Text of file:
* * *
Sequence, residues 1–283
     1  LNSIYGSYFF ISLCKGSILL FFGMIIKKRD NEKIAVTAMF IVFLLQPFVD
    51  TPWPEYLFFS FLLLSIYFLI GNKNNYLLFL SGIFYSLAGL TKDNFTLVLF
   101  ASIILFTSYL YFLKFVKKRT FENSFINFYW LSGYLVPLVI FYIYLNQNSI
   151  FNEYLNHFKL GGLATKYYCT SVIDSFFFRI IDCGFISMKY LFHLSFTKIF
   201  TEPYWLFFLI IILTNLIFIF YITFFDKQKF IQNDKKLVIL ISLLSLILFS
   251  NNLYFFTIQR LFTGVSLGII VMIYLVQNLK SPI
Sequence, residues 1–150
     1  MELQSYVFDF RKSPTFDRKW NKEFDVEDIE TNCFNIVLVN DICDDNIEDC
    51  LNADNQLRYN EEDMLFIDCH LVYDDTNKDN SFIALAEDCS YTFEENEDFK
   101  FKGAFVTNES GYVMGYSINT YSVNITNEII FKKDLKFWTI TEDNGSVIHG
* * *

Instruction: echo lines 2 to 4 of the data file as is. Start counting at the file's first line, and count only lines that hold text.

     1  LNSIYGSYFF ISLCKGSILL FFGMIIKKRD NEKIAVTAMF IVFLLQPFVD
    51  TPWPEYLFFS FLLLSIYFLI GNKNNYLLFL SGIFYSLAGL TKDNFTLVLF
   101  ASIILFTSYL YFLKFVKKRT FENSFINFYW LSGYLVPLVI FYIYLNQNSI